Sunday, April 15, 2018

The Airfix Difference

54mm U.S. Infantry by Airfix These poses feel almost animated

Airfix paved the way.

The first waves of plastic soldiers in the 50mm -60mm range were toy figures. The earlier ones by companies like Lido, TimMee, Crescent and Johillco were made as toys. Though some were realistic, the general run of plastic toy soldiers was hardly a scale miniature. The Louis Marx Company took things up a few notches with its 54mm lines. Some were very well detailed and quite realistic. Nonetheless, they were considered toy soldiers rather than military miniatures.
54mm 8th Army

Airfix raised the bar on plastic soldiers. Their 1/76 figures created a whole new field for the toy and model soldier hobby. Airfix pioneered the 1/76 scale in plastic and was the unchallenged leader and most prolific producer of them. The British company did it agin when it introduced its 1/32 scale sets of plastic soldiers. It had taken them from classic army men to quality hobby figures. These were a very different thing than the plastic toy soldiers by such firms as Lido, Tim Mee, Timpo and Crescent. The Airfix figures were scaled properly. had excellent detail and greater historical accuracy. Just as other companies decided to join the small,-scale figure market, so they eventually opted in to the 1/32 range as pioneered by Airfix.
54mm British Commando - another good action pose

The first set of Airfix 1/32 figures that I saw was the British Commandos. They were at Polk’s Hobby, somewhere around $3 a box of 29 figures. The set had seven poses. Sculpting was good. Soon afterward, I came across their German Infantry. Though the pose count was low, the sculpting and poses were solid. The same could be said when I acquired their set of Russian infantry. They were soon joined by the 8th Army and the Afrika Korps. The only complaint was the small number of poses in each set.
54mm German Infantry, circa 1938-1942 

Around this time, Airfix began updating several of its older 1/76 sets. The old Infantry Combat Group was replaced by WW2 British Infantry. The German Infantry, Afrika Korps, 8th Army and US Marines received an overhaul. In each set, several poses were copied from their new 1/32 sets. Other poses were added to the 1/76 scale sets.. I wondered why Airfix never added these poses to the 1/32 sets.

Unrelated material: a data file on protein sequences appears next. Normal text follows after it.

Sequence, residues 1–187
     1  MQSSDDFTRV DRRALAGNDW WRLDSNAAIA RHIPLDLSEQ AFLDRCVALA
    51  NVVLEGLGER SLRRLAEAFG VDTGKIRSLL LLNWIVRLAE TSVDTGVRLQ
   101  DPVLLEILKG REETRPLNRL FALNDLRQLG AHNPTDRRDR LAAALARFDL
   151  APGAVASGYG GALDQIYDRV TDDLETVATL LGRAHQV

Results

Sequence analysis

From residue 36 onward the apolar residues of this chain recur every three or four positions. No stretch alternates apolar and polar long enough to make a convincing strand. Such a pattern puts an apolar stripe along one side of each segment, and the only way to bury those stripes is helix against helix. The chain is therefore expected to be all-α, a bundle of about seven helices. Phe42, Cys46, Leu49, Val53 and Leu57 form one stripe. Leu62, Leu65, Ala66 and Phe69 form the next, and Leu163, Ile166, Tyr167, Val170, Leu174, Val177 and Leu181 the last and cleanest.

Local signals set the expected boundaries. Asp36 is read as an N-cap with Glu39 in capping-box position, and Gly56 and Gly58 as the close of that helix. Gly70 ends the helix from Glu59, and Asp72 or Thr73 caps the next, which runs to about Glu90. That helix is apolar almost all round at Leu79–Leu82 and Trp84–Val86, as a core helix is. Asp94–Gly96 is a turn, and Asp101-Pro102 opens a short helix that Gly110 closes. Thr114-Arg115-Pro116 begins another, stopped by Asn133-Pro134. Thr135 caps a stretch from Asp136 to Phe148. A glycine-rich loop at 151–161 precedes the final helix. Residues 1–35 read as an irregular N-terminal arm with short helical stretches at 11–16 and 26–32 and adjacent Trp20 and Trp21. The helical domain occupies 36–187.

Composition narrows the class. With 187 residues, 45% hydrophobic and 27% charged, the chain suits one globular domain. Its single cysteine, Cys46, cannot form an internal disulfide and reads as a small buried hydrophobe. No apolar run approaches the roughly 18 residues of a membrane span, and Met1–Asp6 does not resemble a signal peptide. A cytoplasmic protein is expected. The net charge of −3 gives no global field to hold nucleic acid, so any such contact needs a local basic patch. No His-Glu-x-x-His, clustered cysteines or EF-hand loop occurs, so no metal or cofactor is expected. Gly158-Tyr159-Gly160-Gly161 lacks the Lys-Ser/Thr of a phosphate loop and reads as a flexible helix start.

54mm Italian soldier (stonato) and officer (cafone)

British Paratroopers. Next to the Tim Mee "M16" infantry, one of the most cloned and copied sets of figures.
Ghurka and British support infantryman. The British soldier was molded in hard plastic.
54mm German Paratroopers. One of the few sets with more than 8 poses


Crescent, Johillco (Hilco), Lone Star, Herald and Timpo were the British equivalents of Lido, Tim Mee and Marx. They were toymakers. Though some of the later Marx sets, such as the 54mm Marines, were high-quality sculpts, most of their output was toy figures. Airfix offered greater historical accuracy and sculpting. I was suitably impressed when I saw the British commandos in 54mm. They looked realistic and had some of the crispest detail I had even seen in a 54mm soft plastic soldier.
Well-detailed British infantry. A good example of Airfix's well-animated poses and solid detail.

As I have said many times, the biggest flaw in the Airfix 54mm series was the lack of poses. Most have seven or eight poses.

Matchbox came along to compete with Airfix. The 1/76 scale were good, but not as good as the newer Airfix series. The 54mm versions had only one advantage over Airfix: the number of poses. One reason for this is that Matchbox’s sculptors were required to make their figures narrower, so as to make it cheaper to make molds.

More articles on Airfix 54mm figures will be coming

For information and images of the Airfix 1/76 scale figures, click here
Medieval foot soldiers. That is a great pose!
Figures provided by Timothy Hall from the U.K. Thanks, Tim!

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